The stipend ranges from $55 a month for a cellphone to between $105 and $110 a month for a smartphone. Users can choose their own plan and telecommunications provider, or they can participate in Arinc's corporate program, which enables them to take advantage of the firm's volume discounts.
Instead of reimbursement via expense reports, which Napolitano believes would create a significant administrative burden, employees receive a stipend as part of their paycheck. If they do opt for the BYOD route, employees have to agree to policies that specify that IT can wipe the phone, including personal data like photos and music, in the event that it's lost or stolen.
For now, Napolitano has opted to keep the program optional as opposed to mandating a move to BYOD. "We found that when we made it voluntary, it keeps its attractiveness," he explains. "People are not feeling slighted, and there's little resistance because they don't feel like we're forcing them over."
About one quarter of Arinc users eligible for a phone have signed up for the firm's BYOD program, and Napolitano fully expects those numbers to grow. Most employees are choosing to make the transition when their contract is up, Napolitano says, so they don't incur fees related to switching or stopping service midstream, which they are responsible for even on company-issued phones and data plans.
The transition has freed up Napolitano's 100-person IT group, which supports 2,400 U.S. workers, from taking on a costly support burden. While IT does provide a modicum of support for non-corporate phones, mostly related to email setup, it does so without any adherence to the formal Service Level Agreements (SLAs) that were in place for BlackBerry users.
"Our support costs would have shot through the ceiling if we had to have people on staff specializing in Apple and Android," Napolitano says. "A big portion of the decision was for cost avoidance related to having to support [multiple devices] while still enabling our customer base to get what they want."
BYOP: Buy your own phone
The Reinvestment Fund, another organization that has long supplied key employees with a corporate phone, is also now offering its users a choice, but with a slightly different approach.
Users who qualify for a phone based on job description (mostly salespeople, executives and other managers) can either stick with the corporate-standard BlackBerry and not pay anything out of pocket, or they can purchase their device of choice on their own.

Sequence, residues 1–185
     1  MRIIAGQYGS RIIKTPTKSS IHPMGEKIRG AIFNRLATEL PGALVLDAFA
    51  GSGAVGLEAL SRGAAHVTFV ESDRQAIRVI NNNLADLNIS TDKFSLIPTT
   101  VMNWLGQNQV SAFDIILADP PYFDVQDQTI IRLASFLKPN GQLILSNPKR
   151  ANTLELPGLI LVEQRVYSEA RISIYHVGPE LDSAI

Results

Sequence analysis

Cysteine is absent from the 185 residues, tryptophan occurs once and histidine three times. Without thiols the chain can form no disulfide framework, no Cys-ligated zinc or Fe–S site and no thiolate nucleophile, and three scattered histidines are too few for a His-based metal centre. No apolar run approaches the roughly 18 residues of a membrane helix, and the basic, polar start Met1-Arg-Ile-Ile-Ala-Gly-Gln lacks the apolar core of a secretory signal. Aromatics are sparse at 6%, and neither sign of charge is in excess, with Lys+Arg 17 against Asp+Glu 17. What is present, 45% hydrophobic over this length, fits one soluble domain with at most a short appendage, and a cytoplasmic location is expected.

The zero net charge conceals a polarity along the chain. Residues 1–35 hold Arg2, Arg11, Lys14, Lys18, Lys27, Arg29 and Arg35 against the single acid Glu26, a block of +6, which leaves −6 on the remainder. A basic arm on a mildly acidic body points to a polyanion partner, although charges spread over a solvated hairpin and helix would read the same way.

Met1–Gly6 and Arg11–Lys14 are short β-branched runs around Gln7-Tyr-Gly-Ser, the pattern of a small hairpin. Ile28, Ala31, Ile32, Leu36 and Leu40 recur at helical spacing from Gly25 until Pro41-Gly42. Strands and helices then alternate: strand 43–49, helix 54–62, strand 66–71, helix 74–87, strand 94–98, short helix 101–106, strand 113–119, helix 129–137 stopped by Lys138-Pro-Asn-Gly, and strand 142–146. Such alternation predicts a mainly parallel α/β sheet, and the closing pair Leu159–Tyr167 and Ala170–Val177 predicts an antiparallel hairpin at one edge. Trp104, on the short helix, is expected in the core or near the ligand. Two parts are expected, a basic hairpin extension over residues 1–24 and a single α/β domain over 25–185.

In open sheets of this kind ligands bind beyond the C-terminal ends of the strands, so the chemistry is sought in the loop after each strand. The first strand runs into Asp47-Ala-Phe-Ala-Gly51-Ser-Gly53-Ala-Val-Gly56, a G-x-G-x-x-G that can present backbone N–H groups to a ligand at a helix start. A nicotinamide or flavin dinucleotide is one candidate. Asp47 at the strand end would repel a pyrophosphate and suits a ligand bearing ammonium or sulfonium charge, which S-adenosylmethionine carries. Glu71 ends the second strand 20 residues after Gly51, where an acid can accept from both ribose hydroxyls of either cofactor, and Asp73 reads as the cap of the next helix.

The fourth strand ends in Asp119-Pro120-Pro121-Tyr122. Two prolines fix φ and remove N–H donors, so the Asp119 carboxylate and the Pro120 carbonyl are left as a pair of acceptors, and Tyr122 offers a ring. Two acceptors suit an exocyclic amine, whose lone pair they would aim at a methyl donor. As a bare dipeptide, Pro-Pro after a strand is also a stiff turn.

Once they pay the one-time fee for the phone, employees can be added to the company's corporate service plan with Verizon, at the company's expense. If they want to use another carrier, such as AT&T, then they are completely on their own.
"There's little to no expectation that we should buy users a phone -- everyone already has that," says Barry Porozni, CIO for the 80-person financial services firm. "The expectation is covering the service fee because when you think about it, the investment in the phone is small compared to the monthly fee. Still, we don't want to process additional connectivity fees and reimbursements simply because a user wants a different carrier."
Because he considers most phones mainstream devices, Porozni is still happy to have his four-person IT team field support calls for problems with email, calendars and contacts, but for anything beyond that, he says, folks are left to fend for themselves.
Except of course, for the C-level suite. For them, Porozni says his team will make an exception. "If you're a C-level exec and you can't figure out how to send a picture to someone, we'll make an effort to show you how to do that," he concedes. "But generally these are things they know how to do before they get to us."
Since launching the BYOD program, The Reinvestment Group's BlackBerry numbers have dwindled to around 10 or less, and there are data-plan requests for 50 non-BlackBerry devices, including both smartphones and tablets.
Corporate perks: Always popular
Other long-time BlackBerry shops like MOM Brands (a cereal company formally known as Malt-O-Meal) are eyeing BYOD more cautiously, intrigued by the idea of offering choice and potentially sexier technology to its user base, but not willing to give up the robust security and other enterprise features that are synonymous with the BlackBerry brand.